Despite improvements in power supply, infrastructure concerns also remain. Prime Minister Hun Sen spoke out in April about water shortages in the city that left locals without running water for almost a week, the Cambodia Daily reported, though McColl says it has improved.
Griffiths also highlights the poor safety record of National Road 4, a major tourist artery into the town, while McColl believes that addressing petty crime is key.
Increasing development also brings new pressures on society. Non-profit organisation M’lop Tapang, which runs the training restaurant Sandan near Serendipity Beach Road and works with around 3,500 young people and their families in the area, has seen a shift.
Maggie Eno, one of its founders, says that while Sihanoukville was a destination for child sex tourism a decade ago, it is an issue of the past. The pressures of 2013 include land evictions and increasing economic migration, with poorer Cambodian families moving to the area for job opportunities. Some end up living on the streets and unable to return home.
“There’s more children coming to the streets every week… and it’s going to get worse, clearly, because we’re developing islands. Everyone goes to Sihanoukville to get to the islands,” she says, explaining that M’lop Tapang has a street-based outreach team.
The organisation also sees drug use as a rising problem in the youth community.
“There’s a lot of positives, and we’re really happy Cambodia is developing, but it is in our mandate — behind all that development — to be helping shape the services of all the fallout,” says Eno.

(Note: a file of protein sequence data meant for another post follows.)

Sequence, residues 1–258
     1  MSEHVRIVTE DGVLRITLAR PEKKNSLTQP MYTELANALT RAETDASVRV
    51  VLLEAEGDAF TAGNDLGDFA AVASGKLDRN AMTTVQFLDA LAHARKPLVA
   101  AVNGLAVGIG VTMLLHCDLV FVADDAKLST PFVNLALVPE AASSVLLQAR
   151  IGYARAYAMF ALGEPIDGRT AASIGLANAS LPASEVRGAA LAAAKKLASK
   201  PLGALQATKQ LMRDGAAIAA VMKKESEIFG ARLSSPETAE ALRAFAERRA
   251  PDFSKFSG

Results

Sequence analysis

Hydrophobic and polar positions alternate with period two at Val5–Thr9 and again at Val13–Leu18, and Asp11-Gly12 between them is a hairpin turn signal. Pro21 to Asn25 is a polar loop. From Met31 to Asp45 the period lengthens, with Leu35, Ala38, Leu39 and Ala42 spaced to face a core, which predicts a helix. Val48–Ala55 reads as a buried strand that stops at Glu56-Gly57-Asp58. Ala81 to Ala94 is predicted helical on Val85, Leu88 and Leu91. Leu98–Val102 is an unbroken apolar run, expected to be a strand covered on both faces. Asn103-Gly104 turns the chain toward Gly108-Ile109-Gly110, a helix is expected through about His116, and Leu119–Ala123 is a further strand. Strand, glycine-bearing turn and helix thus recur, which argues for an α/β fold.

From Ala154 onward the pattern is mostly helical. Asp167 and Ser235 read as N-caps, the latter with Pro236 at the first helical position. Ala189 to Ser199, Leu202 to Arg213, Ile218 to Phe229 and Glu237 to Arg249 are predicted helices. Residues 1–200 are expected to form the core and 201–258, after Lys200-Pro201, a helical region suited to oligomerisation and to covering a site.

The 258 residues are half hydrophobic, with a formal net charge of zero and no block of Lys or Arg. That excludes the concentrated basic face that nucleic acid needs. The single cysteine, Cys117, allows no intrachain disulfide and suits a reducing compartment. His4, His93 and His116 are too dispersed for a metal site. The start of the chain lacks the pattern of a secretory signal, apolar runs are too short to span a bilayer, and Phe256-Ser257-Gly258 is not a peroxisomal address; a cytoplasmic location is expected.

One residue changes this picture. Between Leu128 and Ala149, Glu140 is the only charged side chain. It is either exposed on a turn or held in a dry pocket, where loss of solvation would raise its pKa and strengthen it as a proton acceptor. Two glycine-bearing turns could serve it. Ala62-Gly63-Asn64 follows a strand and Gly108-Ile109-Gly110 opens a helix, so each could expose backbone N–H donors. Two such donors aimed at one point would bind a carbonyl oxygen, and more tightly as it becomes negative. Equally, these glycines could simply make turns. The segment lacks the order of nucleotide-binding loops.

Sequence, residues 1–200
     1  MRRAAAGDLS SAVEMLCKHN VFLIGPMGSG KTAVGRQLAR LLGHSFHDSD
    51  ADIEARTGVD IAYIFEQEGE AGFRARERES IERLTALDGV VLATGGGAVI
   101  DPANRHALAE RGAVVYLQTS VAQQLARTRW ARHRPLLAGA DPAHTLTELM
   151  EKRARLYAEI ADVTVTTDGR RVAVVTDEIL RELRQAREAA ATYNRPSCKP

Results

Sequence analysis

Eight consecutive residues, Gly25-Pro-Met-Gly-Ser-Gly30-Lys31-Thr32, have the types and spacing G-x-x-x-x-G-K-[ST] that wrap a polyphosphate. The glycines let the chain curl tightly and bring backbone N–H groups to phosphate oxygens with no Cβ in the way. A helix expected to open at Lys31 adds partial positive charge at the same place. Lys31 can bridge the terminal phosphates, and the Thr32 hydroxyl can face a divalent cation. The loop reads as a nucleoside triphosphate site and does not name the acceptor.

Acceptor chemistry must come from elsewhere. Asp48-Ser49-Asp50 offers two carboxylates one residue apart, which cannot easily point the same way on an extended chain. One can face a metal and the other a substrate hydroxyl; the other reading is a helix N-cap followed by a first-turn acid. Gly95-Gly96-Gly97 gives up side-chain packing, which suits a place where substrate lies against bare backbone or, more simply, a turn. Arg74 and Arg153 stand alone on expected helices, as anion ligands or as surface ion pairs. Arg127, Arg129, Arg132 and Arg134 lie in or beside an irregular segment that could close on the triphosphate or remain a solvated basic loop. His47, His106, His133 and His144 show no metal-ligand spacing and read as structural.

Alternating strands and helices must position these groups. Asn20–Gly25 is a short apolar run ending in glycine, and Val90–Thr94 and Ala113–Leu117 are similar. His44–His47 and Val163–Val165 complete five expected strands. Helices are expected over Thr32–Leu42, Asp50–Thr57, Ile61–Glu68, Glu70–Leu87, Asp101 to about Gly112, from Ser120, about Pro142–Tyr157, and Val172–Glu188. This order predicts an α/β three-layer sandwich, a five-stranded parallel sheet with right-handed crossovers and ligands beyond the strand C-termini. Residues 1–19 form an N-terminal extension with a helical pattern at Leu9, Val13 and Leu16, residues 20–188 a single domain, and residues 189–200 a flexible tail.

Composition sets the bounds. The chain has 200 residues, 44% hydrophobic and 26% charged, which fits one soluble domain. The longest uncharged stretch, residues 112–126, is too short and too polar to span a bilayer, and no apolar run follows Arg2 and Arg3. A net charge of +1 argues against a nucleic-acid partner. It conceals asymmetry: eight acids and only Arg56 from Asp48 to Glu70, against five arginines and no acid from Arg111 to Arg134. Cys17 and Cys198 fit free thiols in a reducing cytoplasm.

And of course, there’s an issue that McCallum describes as “the elephant in the room,” the spectre of climate change.
“We do not know what the effects of this will be, but we know there will be change and at a scale hitherto unknown for Cambodia’s coast, at least in human memory,” he says. “This means ensuring that any strategies, plans or developments help to nurture and build resilience into the economy, community and environment of the region.”
Yet whatever the next decade brings, what is certain is that Cambodia is currently home to an area of great natural beauty. A boat ride around the waters of Koh Rong reveals huge areas of untouched land and forest — an increasing rarity in Southeast Asia — with mile after mile of empty sands and not a person in sight.
Meanwhile Sihanoukville has been accepted into a club that celebrates the world’s most beautiful bays. During the club’s general assembly in 2011, Cambodian Tourism Minster Thong Khon reportedly stressed the country’s commitment to protecting its natural resources as one of its priorities of socio-economic, trade and tourism development.